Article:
Aside from knowing the history and the proper use of films, DPs are usually required to provide a full negative during the production of a movie.
MANAGING THE FILM STOCK
Since the film stock would contain all the images captured by the camera, it is very important that it is handled very carefully. If not handled properly, the images can be degraded by various factors, such as temperature, humidity, and fogging caused by gases and radiation.
Usually, films are used within six months of purchase. Since DPs are involved with the acquisition of these materials, they should seek for stock manufacturers which can provide them with favorable service of payment and collection to ensure that the films will not be subjected to the factors that can cause their deterioration.
When shooting in various locations, film stocks should be properly handled and transported with extreme care. If flying to other places is required, film crew are advised to just carry with them the films to avoid possible damage that may be caused by baggage x-rays. Meanwhile, the weather can also endanger the quality of the films used in the production of a movie. During high-temperature conditions, the film crew are advised to strike a deal with hotel staff and ask their permission to store the film stocks in their fridge. Moreover, quality cool bags can be used in carrying the films.
On the other hand, when using films that are stored in the fridge, their temperature should be adjusted to room temperature to avoid condensation. In some cases, the film crew begin thawing the films the night before a shoot.
Though DPs are expected to be very careful when handling the films, it would be much better if DPs can have them processed right away after use.
WHAT IS SENSITOMETRY
Sensitometry is one topic that most film technicians do not like very much. However, film technicians, and cinematographers as well, should be equipped with enough knowledge of the subject.
Basically, sensitometry is used to measure and evaluate a film’s sensitivity to light. Cinematographers pay close attention to this detail because they have to determine the required amount of light that reaching the emulsion to attain their desired density for an image on the film after processing.
Considering the range of brightness recorded on the film, cinematographers know the ratio of the amount of light, exposure, and darkening can vary, resulting in varying densities. The variations that are produced in this aspect contribute to the mood of the final film that will be produced.
In relation to this, the DP focuses on the details that accompany the shadowed part of the image. For example, when shooting outdoors, they look for details that can recorded as part of the highlight of the scene. The DP is also very meticulous when to comes to lighting since it is the main factor that create the mood of the scene, which in turn, should be able to touch the hearts of the audience.
The cinematographer should also pay close attention to the contrast of the film. And it is important that they do not confuse contrast with gamma. Contrast is the range of brightness and gradation of the highlights and the shadows. In addition, cinematographers should know the difference between the contrast expressed as ratio and the apparent contrast.
PRODUCTION OF CINEMA RELEASE PRINTS
Cinema release prints are produced for the distribution of a film in country or worldwide. The cinema release prints are prepare using just a single camera negative. However, if the demand for cinema release prints is high, the camera negative may not be able to handle the processing.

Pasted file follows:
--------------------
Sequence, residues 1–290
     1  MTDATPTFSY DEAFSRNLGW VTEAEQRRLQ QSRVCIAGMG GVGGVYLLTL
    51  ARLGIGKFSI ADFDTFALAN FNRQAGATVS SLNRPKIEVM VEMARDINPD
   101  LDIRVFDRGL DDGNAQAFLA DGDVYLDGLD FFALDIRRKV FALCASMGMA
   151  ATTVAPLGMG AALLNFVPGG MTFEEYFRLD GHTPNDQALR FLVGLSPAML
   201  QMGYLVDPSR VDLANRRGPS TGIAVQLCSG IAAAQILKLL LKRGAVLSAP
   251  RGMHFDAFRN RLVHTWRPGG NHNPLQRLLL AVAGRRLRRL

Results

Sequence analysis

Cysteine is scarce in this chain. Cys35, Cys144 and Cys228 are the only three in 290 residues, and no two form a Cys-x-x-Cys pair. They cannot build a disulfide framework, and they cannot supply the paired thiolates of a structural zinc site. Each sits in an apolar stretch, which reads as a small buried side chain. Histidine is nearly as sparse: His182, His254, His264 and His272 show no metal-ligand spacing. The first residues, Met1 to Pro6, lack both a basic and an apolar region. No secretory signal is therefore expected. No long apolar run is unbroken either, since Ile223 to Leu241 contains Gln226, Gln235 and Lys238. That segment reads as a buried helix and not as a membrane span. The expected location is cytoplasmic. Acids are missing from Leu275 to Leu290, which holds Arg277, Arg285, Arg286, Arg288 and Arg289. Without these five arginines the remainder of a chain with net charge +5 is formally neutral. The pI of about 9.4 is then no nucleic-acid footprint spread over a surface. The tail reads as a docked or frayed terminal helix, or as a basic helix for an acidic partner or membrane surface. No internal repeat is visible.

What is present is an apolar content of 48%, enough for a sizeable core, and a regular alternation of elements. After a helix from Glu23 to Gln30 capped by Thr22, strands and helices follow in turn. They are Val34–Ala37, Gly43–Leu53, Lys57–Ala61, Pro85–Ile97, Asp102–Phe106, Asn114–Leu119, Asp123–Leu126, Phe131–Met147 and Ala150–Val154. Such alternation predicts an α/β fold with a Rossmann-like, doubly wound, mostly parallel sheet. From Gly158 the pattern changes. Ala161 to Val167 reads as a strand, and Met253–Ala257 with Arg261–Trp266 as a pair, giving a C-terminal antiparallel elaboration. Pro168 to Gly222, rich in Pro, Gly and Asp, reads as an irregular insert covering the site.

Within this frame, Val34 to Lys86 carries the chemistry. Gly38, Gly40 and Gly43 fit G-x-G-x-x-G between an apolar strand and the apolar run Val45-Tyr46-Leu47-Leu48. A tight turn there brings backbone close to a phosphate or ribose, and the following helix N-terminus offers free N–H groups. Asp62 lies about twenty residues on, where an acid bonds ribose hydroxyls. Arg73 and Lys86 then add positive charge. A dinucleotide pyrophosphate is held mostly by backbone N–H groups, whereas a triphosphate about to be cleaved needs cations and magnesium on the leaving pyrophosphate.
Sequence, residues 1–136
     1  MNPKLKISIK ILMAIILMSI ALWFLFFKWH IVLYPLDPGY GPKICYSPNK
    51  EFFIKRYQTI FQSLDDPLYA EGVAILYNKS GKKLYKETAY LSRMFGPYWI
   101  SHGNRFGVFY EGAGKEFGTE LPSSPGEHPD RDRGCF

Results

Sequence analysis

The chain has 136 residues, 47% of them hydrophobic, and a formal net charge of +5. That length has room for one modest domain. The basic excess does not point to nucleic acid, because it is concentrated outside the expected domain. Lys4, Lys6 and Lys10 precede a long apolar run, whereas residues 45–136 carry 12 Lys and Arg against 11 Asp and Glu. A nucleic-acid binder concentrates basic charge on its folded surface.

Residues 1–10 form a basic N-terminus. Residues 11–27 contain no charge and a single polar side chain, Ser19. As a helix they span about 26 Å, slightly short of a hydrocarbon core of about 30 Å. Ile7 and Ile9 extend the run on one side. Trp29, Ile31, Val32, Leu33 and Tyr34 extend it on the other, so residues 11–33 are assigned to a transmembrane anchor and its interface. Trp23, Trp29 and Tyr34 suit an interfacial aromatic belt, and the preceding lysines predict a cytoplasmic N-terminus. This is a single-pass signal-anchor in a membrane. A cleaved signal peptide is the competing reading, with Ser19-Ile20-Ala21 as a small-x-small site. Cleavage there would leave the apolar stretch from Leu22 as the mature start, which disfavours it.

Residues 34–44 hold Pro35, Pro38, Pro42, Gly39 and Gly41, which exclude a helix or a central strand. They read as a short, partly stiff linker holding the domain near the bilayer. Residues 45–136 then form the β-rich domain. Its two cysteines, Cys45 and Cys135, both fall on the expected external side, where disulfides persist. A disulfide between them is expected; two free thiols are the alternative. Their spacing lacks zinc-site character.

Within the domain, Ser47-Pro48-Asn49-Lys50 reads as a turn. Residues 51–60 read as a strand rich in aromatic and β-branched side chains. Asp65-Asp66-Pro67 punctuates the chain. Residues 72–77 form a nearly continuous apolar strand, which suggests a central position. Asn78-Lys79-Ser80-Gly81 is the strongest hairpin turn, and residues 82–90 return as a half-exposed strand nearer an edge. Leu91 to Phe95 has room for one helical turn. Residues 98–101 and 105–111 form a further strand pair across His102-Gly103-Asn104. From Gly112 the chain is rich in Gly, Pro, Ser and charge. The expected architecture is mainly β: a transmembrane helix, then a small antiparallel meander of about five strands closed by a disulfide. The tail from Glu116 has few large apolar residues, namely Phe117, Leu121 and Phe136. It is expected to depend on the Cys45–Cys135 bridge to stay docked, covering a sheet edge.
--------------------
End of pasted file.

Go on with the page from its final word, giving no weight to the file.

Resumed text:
To remedy the problem that may arise when using just one camera negative, duplicates are used to create cinema release prints.
The DP, together with director and producer, oversees that the grading and production of trial print using the A and B roll cut negative. Several answer prints may be produced before they give their approval for the trial print.
Afterward, a test print using what is called the inter-negative is produced and checked. If the inter-negatives are satisfied with the results, bulk release of prints can now commence.
GRADING THE FILM
Usually, part of a DP’s contract requires participation in the grading that takes places at the laboratory. In the grading process, the DP decides if additional polishing should be made with the film.
The grading starts with the DP and the grading assessing the cut rush print in the viewing theater. These people would then start discussing about any changes which they think should be done on the film for the benefit striking the first answer print. The answer print will be viewed the next day; another assessment would ensue.
THE JOB OF THE CINEMATOGRAPHER
Being a cinematographer requires learning how to operate the camera, the functions of its various parts, and the mechanisms that make them work. For example, the person behind the camera must know about the standard frame rate used when shooting. Cinematographers should also be knowledgeable in the four basic types of exposure meter, such as the built in camera meters, reflected light meters, incident light meters, and spot meters.
Some cinematographers give much importance to light meters, whereas others think that they are not that essential for the film production.
Cinematographers also pay close attention to lighting ratios. Before the film crew begin lighting a scene, the cinematographer must identify that lighting ratio that should be used. Determining the proper lighting ratio is very important because changing it can last awhile if it proves to be not fit for the scenes that are being shot.
The importance of lighting ratio can be appreciated by looking at how much a face is lit in a scene. The cinematographer carefully notes when he has determined the proper lighting ratio for a scene. Thus, cinematographers are also known to take notes while doing their jobs because it helps them in doing their tasks at a faster rate in their succeeding projects.